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Stupid Patent of the Month: All of Patent Class 705

DEEPLINKS BLOG
May 29, 2015

Stupid Patent of the Month: All of Patent Class 705

In choosing this month’s Stupid Patent, we realized that we couldn’t choose just one. Instead, we decided to give the award to the entirety of patent class 705.

By way of explanation: every Tuesday, the Patent Office officially publishes new patents in the “Patent Gazette.” (This week’s is available here, through an interface that seems like it was built in 1995.) The Gazette arranges patents by patent classification, which is a way of organizing the patents by field. In looking for a good candidate for our Stupid Patent of the Month, we often look at newly issued patents in class 705. Why? Because that class is the class for “inventions” relating to “Data Processing: financial, business practice, management, or cost/price determination.” Yes, the Patent Office has a whole area dedicated to this “technology.” 

In browsing this class, we realized that awarding just one Stupid Patent this month would be a waste. We had too many candidates, so we decided to give the entire class the honor. Here’s a sample of what came out of class 705 this month: 

  • U.S. Pat. No. 9,026,468 (issued May 5, 2015), System and method for proactively establishing a third-party payment account for services rendered to a resident of a controlled-environment facility

This describes the idea of soliciting your loved ones to set up accounts to pay for your commissary purchases while you’re in jail. (Incidentally, this patent was granted to the same company that claimed ownership of your photos if you sent them to your loved ones).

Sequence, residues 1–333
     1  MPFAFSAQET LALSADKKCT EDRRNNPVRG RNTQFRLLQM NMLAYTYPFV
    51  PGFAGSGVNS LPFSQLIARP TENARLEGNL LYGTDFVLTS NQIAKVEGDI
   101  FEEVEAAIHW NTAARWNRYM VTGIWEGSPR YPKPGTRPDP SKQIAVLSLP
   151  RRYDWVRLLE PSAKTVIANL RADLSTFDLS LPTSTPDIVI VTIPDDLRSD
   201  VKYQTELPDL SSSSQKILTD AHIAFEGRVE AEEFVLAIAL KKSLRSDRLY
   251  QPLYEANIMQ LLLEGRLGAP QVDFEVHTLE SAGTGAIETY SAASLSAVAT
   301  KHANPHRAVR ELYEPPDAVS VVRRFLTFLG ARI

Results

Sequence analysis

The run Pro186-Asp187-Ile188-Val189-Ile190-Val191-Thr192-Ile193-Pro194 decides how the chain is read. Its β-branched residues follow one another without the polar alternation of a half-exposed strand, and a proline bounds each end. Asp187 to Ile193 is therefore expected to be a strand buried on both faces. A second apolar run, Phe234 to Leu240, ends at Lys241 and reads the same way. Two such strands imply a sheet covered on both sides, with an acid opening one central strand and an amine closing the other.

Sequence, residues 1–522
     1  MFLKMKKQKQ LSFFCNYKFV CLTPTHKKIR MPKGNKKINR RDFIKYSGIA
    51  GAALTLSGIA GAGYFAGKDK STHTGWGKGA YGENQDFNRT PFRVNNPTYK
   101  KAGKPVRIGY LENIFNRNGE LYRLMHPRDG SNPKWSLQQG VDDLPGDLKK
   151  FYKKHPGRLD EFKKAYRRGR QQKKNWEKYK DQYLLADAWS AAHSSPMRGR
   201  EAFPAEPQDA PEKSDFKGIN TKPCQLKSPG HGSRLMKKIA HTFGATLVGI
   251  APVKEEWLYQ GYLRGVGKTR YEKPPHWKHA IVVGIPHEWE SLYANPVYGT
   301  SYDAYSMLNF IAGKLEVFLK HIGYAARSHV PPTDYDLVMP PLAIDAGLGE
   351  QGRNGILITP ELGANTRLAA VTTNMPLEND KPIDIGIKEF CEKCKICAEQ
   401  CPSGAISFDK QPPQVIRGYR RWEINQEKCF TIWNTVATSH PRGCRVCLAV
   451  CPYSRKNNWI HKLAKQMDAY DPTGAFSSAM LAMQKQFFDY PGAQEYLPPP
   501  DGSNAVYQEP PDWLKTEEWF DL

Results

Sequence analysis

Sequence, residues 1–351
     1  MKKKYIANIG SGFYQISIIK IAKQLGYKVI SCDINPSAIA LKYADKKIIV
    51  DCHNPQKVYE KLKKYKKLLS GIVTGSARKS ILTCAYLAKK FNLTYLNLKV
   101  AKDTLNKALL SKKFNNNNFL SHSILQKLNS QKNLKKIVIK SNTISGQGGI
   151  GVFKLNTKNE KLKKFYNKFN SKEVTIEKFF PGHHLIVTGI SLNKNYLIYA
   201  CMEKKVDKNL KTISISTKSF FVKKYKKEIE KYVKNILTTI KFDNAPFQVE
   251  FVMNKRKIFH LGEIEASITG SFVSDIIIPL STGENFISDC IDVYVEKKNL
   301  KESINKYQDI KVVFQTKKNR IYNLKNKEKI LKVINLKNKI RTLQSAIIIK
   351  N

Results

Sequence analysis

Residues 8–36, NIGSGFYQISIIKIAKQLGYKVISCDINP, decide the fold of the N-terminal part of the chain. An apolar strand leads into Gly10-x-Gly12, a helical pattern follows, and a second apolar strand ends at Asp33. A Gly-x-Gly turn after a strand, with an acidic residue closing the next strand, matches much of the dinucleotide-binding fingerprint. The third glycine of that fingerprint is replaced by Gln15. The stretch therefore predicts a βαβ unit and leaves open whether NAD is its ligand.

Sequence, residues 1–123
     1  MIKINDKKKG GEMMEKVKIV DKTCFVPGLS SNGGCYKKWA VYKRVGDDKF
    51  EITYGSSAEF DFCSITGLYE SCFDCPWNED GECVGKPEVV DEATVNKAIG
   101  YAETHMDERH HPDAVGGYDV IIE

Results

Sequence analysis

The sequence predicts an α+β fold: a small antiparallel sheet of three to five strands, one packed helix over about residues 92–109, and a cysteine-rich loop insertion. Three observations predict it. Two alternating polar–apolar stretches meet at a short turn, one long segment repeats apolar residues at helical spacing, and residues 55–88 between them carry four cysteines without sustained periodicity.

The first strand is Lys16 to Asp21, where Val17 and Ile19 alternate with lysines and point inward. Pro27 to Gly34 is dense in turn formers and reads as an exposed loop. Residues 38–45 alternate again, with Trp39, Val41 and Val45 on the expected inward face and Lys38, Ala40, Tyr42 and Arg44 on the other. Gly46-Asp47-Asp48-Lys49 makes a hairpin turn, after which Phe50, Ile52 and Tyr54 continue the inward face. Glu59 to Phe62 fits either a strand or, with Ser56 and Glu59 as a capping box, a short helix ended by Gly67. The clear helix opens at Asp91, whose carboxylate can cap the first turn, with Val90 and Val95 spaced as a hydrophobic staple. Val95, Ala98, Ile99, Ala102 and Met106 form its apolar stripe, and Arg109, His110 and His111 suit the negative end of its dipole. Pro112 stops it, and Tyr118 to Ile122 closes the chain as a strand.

• U.S. Pat. No. 9,026,464 (issued May 5, 2015), Securely and efficiently processing telephone orders

This describes the idea of customers have billing accounts so that when they make phone orders, they don’t have to tell the salesman their billing information directly.

  • U.S. Pat. No. 9,037,482 (issued May 19, 2015), Method and system for optimizing the viewing of advertising

This describes changing the number of times an ad is shown to a viewer based on things like what the viewer does (e.g., if they turn their device off while an ad is playing).

  • U.S. Pat. No. 9,043,220 (issued May 26, 2015), Defining marketing strategies through derived E-commerce patterns

This describes the idea of analyzing consumer behavior so as to select a marketing strategy to use on the consumer.

  • U.S. Pat. No. 9,043,226 (issued May 26, 2015), Method and system for crediting a retailer for an internet purchase

This describes giving a commission to a store for an Internet purchase from another store if the customer was actually in the first store when they made the purchase.

Of course, all these patents have a bunch more specifics in them, but much of it is the usual patent technobabble such as including “modules” and “processors” with code stored on “non-transitory computer readable mediums.” Also, many of the patents don’t claim just one particular way of carrying out an idea, but pretty much any way done with a computer. And even where there are specifics in the claims (which define the patent rights given to the patent owner), they don’t seem to be much beyond the obvious things people would do if implementing these ideas. (Google’s patent 9,043,226 on “crediting a retailer for an internet purchase” is a good example of this.) Yet the patents issued anyway. 

The number of patents granted out of class 705 has apparently gone down in the last year. (One patent analytics company claims that several companies have seen significant drops in the number of patents they get issued out of class 705.) That’s a good start, but it’s not enough. The Patent Office needs to be much more diligent about not allowing the types of “inventions” we frequently see in class 705. 

But more importantly, we think the public should ask itself whether we need class 705 at all: is a 20-year monopoly on allowing people to prepay for their loved ones’ jail purchases really needed in order to incentivize that “invention”? We don’t think so.

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